Charles Caviness had three different business careers. The first was in international business. Then came work with a non-profit. The third was as a Financial Consultant (Stockbroker) and Certified Financial Planner in the investment business. He was in that field for thirty years until his retirement.

He was born May 31, 1932 in Memphis, Tennessee, and grew up there, attending public schools in the city. In high school, he was in the Junior ROTC program. He was motivated by his war hero instructor, who thought all able bodied young men should give some service to their country. As a result, he joined the U.S. Air Force Reserves in April 1950, two months before high school graduation and just before the onset of the the Korean War. Knowing that he would soon be called up for active duty, he enrolled in Rhodes College and managed to finish one semester before his reserve unit was put on active duty. As long as possible, he continued taking evening courses at the University of Tennessee. Eventually his aptitude and attitude about education resulted in being assigned to A.F. Financial School in Denver. On completing that school, he hoped to be sent overseas, but instead was returned to his old unit. He then served out his military career without any real high spots, just doing his duty.

When his tour was completed, he enrolled in Principia College in Elsah, IL, near St. Louis, where he majored in Economics and earned a B.A. Degree in 1956.

He had long had an interest in seeing the world, an urging not satisfied by the Air Force. He took a job as overseas representative for Signode Steel of Chicago, makers of steel strapping. That lasted from 1956-61. His territory spanned from Hawaii through the Far East, the Middle East and to Greece. These were the days before jet airliners, and such long distance traveling by air was slow, with bone jarring vibrations and noisy engines. Places like Dubai were still backwaters with single runways and no terminals. There were many adventures those days in place like Borneo, Saudi Arabia, and Iraq. He never thought he was in dangerous situations, as he found that Muslims had a tradition of caring for the safety and comfort of visitors. However, in 1958, he left Baghdad for Brussels for an overnight stop en route to Chicago. At breakfast in Brussels, the morning after he left Baghdad, he looked at the morning Herald Tribune. On the front page were the pictures of various travelers he had seen often while staying at the Baghdad Hotel. A few hours after he had left the hotel, a revolutionary gang rounded up all foreigners; took them to the outskirts of town and executed them with knives.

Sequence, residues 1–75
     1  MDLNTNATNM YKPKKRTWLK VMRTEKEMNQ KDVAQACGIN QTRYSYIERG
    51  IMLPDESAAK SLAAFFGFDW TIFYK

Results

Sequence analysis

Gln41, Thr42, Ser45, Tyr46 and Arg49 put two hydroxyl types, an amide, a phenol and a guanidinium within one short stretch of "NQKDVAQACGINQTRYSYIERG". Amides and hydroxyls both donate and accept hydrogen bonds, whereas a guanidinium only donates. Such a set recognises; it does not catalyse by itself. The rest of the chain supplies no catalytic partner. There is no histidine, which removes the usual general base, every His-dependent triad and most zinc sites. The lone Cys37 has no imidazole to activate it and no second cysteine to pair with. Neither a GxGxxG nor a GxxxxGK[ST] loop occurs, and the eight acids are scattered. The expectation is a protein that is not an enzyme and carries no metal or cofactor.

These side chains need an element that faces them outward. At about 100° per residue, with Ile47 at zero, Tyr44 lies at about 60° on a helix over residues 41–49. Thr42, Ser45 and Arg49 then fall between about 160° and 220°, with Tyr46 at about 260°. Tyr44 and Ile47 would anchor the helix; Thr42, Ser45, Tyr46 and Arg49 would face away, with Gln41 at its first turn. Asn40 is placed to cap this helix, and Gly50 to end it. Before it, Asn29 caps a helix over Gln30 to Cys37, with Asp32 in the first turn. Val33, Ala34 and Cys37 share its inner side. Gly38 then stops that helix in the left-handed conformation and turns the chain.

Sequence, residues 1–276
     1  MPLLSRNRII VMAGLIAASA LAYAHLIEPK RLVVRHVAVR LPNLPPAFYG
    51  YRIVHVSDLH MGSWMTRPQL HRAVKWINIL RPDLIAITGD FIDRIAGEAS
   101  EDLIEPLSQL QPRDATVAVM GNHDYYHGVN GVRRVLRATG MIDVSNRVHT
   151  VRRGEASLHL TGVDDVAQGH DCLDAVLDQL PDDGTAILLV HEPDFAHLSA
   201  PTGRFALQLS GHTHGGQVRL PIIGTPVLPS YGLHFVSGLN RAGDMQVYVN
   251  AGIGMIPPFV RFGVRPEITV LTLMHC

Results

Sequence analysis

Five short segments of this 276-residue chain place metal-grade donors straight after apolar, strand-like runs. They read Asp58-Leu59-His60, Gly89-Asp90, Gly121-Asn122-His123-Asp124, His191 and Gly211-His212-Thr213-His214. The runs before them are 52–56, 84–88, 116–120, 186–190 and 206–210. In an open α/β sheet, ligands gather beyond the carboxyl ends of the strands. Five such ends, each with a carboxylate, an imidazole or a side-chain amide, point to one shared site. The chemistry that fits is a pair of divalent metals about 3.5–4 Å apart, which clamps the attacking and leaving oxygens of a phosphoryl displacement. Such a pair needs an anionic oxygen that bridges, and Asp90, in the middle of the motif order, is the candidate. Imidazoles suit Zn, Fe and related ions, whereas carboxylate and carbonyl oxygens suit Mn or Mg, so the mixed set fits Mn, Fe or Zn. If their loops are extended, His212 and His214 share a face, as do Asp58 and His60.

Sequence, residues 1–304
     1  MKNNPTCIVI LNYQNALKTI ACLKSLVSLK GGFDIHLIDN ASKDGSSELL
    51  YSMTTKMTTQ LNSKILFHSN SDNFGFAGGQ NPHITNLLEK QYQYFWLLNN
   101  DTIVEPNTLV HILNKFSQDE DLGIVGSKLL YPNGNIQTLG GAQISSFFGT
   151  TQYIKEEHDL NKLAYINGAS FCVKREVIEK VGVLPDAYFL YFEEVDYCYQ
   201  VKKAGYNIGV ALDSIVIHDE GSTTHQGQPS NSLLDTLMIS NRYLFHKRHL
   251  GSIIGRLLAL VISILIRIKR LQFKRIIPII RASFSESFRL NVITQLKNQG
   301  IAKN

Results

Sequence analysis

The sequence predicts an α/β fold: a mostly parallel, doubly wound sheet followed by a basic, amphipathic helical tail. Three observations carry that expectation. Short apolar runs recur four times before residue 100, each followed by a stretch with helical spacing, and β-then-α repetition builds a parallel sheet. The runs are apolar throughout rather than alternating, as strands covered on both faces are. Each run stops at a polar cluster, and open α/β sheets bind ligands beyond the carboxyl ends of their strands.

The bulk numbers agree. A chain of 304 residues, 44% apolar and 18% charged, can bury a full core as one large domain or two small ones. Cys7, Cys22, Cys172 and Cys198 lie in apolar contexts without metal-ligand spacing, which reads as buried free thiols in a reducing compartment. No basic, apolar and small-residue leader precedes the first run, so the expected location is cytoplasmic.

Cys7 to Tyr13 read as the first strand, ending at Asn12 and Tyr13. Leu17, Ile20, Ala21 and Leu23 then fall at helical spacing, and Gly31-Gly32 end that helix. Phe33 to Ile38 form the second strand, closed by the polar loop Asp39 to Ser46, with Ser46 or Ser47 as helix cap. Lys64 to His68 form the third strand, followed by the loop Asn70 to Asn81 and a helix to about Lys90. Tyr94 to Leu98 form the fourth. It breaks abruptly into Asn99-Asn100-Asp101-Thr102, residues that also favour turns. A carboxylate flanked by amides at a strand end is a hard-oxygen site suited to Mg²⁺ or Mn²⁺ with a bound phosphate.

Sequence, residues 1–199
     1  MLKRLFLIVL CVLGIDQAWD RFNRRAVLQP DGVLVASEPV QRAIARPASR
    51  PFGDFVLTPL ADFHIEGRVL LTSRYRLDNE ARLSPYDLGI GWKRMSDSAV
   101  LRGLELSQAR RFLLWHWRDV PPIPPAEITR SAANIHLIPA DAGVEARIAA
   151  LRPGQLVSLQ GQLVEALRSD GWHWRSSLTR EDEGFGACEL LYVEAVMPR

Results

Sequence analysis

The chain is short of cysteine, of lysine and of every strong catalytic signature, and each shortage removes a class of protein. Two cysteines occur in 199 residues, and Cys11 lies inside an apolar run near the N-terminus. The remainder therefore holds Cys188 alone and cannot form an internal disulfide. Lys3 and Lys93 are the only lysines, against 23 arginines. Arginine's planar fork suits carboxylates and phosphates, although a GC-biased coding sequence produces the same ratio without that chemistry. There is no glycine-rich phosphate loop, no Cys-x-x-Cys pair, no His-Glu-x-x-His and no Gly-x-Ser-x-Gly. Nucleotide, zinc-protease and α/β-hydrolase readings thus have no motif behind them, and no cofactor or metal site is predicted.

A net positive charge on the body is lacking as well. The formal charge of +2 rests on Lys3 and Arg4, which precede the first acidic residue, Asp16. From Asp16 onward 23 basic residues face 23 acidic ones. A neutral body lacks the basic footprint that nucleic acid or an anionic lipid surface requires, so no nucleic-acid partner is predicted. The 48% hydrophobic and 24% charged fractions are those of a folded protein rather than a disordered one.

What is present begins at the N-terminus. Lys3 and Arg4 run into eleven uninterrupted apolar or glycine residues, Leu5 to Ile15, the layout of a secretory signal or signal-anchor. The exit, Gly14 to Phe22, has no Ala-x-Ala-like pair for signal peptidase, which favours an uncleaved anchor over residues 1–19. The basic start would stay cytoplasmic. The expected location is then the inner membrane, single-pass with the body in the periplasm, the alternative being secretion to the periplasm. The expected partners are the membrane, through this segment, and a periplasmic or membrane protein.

From 1961-66, he worked for Borg Warner International. He was their international sales manager for Norge home appliances. At the age of 35, he was recruited to become the International Operations Manager for Hesston Corp, the leading manufacturer of windrowers and other agricultural equipment.